Strictly speaking, this also holds for microscopic systems, since these also couple to their environment. Except for the dynamics of the universe as a whole, the unitary dynamics is always an approximation, valid only to the extent the interactions to the surrounding can be neglected.
  7. Mar 22, 2016 #6
    The main problem for me is the contradictory input that has been given from various forum members which leaves me in a "Which one is correct?" situation. Also I am sure that my lack of basics contributes to the misunderstanding, but again I catched up with some basics in reading many helpful posts here.

    So for instance this sentence: "
    It purports to answer the question "Why do we not encounter macroscopic superpositions such as the neither dead nor alive cat of Schrodinger's thought experiment?" and the answer is "They decay so quickly that we don't have a chance to observe them".

    Reference https://www.physicsforums.com/threads/decoherence-and-the-dust-particle.854454/"

    Isnt it the case that after decoherence there are no longer macroscopic superpositions like the one mentioned (and I know superposition isn't the right term but you know what I mean), not just that we cannot observe them because of the speed of decoherence? And I'm not again refering to the cat, but to everything else like tables, chairs and so on.. What exactly is decaying in a already decohered macro object?

  8. Mar 22, 2016 #7

    A. Neumaier

    User Avatar
    Science Advisor

    Whenever you get contradictory information from competent members (and it is not resolved quickly) you may conclude that there is a big subjective element in the assessment of your question.

    In the present case, no experimenter in his right mind will describe a macroscopic object by a wave function. Wave functions are good only for very few degrees of freedom. So even when buckyballs (and these are still far from being macroscopic) are superimposed, it is only one degree of freedom that is modeled - the remainder of the buckyball is in a mixed state!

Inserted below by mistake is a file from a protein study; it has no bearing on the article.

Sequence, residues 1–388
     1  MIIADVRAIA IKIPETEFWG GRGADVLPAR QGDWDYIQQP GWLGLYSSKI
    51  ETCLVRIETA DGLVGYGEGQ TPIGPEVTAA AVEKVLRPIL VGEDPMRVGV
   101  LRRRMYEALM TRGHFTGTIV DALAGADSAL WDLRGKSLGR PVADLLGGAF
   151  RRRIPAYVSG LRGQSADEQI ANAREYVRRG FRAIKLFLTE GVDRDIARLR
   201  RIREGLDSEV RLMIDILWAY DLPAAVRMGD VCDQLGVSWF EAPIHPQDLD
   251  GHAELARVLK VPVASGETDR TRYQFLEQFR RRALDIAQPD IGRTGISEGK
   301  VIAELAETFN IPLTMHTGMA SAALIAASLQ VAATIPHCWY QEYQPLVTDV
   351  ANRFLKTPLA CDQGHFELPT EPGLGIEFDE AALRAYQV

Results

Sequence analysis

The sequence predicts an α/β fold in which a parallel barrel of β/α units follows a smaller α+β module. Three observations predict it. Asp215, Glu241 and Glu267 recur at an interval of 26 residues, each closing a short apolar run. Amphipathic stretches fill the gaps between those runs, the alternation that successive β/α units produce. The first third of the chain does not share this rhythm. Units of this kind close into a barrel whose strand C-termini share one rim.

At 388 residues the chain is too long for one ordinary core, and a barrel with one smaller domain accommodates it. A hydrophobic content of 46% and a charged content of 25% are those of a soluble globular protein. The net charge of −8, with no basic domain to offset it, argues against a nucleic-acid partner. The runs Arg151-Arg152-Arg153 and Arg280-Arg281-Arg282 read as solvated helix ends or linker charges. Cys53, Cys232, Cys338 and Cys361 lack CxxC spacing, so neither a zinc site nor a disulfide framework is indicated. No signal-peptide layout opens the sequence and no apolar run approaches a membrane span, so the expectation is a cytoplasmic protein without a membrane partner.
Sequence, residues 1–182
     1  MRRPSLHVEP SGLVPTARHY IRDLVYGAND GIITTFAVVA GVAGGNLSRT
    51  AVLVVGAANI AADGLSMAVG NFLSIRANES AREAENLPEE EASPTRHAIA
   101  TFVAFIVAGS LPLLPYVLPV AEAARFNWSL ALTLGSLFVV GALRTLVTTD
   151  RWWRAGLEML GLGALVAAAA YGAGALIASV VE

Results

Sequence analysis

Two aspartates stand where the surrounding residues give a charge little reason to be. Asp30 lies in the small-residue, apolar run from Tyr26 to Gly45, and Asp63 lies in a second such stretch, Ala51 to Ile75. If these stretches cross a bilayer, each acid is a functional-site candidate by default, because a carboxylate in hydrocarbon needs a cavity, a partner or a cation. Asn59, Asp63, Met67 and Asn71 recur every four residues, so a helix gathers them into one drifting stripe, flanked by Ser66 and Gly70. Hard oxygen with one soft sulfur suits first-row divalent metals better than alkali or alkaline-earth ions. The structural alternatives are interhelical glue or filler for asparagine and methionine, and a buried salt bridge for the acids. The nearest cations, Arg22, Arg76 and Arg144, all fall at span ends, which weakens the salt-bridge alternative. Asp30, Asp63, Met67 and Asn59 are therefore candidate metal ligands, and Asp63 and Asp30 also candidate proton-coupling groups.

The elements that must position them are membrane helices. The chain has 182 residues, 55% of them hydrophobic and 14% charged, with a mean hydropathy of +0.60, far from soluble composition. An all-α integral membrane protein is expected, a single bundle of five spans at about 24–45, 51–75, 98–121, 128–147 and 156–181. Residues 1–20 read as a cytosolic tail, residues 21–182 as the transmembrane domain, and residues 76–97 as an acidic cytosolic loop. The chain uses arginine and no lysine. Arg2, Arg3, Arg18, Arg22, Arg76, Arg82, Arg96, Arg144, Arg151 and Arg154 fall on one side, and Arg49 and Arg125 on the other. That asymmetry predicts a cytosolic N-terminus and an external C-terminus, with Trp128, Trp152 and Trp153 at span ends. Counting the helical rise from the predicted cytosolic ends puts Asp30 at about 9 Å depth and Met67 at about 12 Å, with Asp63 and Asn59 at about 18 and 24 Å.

On the other hand, theoretically one can consider everything - so you find people who treat your question literally and tell you what theory would predict if the object would be described by a wave function (although in practice it isn't), while others say that it is a meaningless question.
  9. Mar 23, 2016 #8


    Staff: Mentor

    Off diagonal elements in the density matrix - which I seem to recall has been already explained to you. You must study the detail to know exactly what that means.

    Unless you are willing to study the detail you must accept what is being said. You will get nowhere worrying about things requiring technical knowledge to understand when you are not willing to get that knowledge.

  10. Mar 23, 2016 #9
    Could you give me a pdf or a internet where the technical details are explained?

    Thanks for the patience
  11. Mar 23, 2016 #10


    Staff: Mentor

Share this great discussion with others via Reddit, Google+, Twitter, or Facebook

Have something to add?
Draft saved Draft deleted